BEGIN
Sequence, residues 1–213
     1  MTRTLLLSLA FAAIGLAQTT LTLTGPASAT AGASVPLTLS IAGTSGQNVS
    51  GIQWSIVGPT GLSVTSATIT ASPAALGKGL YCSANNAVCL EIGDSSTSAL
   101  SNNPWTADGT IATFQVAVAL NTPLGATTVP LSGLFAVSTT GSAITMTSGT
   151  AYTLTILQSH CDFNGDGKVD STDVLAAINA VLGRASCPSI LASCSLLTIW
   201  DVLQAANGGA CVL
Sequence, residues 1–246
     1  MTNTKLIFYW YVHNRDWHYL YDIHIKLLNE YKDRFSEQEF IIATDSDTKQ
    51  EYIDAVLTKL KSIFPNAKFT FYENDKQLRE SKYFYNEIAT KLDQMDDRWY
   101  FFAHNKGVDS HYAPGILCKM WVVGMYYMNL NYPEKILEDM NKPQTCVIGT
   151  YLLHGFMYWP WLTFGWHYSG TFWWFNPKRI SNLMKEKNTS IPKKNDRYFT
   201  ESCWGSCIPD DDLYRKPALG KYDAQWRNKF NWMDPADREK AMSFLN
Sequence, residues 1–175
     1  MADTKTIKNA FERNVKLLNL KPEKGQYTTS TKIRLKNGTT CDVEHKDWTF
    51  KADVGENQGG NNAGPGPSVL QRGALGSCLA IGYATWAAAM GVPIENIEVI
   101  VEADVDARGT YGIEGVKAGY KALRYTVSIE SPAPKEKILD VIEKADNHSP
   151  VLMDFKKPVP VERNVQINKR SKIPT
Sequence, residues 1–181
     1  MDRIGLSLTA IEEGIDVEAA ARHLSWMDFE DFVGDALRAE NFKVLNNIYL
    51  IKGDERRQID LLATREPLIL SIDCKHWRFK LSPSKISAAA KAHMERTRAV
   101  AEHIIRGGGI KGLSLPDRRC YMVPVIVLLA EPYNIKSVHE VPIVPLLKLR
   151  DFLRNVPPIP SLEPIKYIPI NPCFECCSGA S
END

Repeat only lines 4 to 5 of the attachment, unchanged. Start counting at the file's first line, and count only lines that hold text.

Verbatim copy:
   101  SNNPWTADGT IATFQVAVAL NTPLGATTVP LSGLFAVSTT GSAITMTSGT
   151  AYTLTILQSH CDFNGDGKVD STDVLAAINA VLGRASCPSI LASCSLLTIW